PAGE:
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    2. Granted that the very large mega fires of the west side and most very large fires elsewhere have wind as the significant factor. However, many of the other smaller but still comparatively large fires west of the Cascades, that were not spread by a strong east wind event, had, as these large fires also had, previous drought and heat as major factors. In fact, I challenge you to find a single large Pacific Northwest fire that did not have previous extended dry periods and usually warmer than normal temperatures associated with it. Also, some of the mega fires you listed began during warm, dry periods that preceded the strong east wind episodes by several days or even weeks. The 1933 Tillamook fire started on August 15 after a prolonged summer dry period, spread to about 40,000 acres over the next two days, during which a record high temperature was set at Portland, then lay fairly quiet for several days before very strong east winds a week or so later produced the major loss. During those first days, the fire spread was to the south and southeast indicating a northerly wind. 40,000 acres is a large fire for the west side. In fact, for reasons that you mentioned, the west side in many summers do not get large fires of even a few hundred acres, so any fire of say 500 acres or more, is a rare fire for the west side. The Beachie Cr. fire of 2020 that grew to over 100,000 acres under strong east winds, started several weeks earlier during the extended warm, dry summer and just gradually got larger until blowing up when the east wind hit. In August, 1967 I was on the Evergreen Mt. fire near Skykomish that was man-caused after a long, hot dry summer. Temperatures when it started and for several days after, reached into the 90s. Winds were generally light and mostly up slope and up valley during the days. The fire blew up every afternoon with a tall convection column and spotting that spread the fire eastward up the Rapid River valley to eventually reach about 6000 acres. There was one day of east wind toward the end of this fire but the wind was short-lived and not too strong so fire spread to the west was minor. If it had been a major east wind, this fire likely would have become much larger. There have now been several fires the past two summers in this general north Cascade area, which is rare for the reasons you have mentioned. Maybe these have not been large acreage-wise but they are rare and have started due to warm, dry conditions. I believe the referenced paper you objected to points out that more frequent warm, dry periods expected under climate change warming will lead to more of these types of fires which may not become huge if strong east winds are not present but will still increase the amount of acres burned since fuel is still readily available in most west side forests. And the fact that they may become more frequent will lead to an increased chance that fire will be present when a major east wind event occurs.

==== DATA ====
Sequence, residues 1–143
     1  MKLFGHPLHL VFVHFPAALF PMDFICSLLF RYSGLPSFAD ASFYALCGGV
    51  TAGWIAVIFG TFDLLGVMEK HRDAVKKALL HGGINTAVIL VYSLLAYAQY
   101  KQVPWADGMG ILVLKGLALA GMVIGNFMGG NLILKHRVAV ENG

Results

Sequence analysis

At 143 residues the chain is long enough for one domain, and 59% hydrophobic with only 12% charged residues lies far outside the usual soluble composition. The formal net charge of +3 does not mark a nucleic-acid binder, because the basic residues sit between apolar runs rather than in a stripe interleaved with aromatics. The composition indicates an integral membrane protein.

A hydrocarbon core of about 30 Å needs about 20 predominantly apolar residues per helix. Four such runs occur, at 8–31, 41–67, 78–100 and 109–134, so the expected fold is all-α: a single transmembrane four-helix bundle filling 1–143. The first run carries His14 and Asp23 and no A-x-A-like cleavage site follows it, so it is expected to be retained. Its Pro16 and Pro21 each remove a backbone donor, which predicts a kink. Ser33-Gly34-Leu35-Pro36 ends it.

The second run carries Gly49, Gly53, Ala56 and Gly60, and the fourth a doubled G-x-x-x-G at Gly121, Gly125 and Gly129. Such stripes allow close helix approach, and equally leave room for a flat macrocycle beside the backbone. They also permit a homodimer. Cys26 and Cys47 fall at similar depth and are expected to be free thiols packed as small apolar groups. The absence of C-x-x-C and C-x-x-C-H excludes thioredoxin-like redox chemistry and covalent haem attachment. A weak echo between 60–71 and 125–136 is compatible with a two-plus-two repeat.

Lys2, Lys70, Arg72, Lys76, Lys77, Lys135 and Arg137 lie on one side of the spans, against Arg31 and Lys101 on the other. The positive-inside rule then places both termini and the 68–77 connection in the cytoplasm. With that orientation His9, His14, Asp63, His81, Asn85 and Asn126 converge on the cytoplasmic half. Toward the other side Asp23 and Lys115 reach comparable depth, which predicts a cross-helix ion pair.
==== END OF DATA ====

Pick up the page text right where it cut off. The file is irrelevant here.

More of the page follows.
Finally, you still seem to believe that bad forest management, and other non-weather factors have been the main cause of the recent large wildland fires, more so than more frequent warm, dry seasons. Consider the large urban fires of the past; the great London fire of 1666, the Chicago fire of 1871, or closer to home, the fires that burned down Seattle, Ellensburg and Spokane, all in 1889. One could say these were due to poor management decisions, building too many wooden buildings too close together. However, all of these big urban fire burned during years with seasons that were unusually warm and dry. The deadly Peshtigo fire in Wisconsin occurred at the same time as the Chicago fire and summer of 1889 saw many large forest fires in Washington State, so even these urban fires seem to respond to weather factors that are conducive to fire.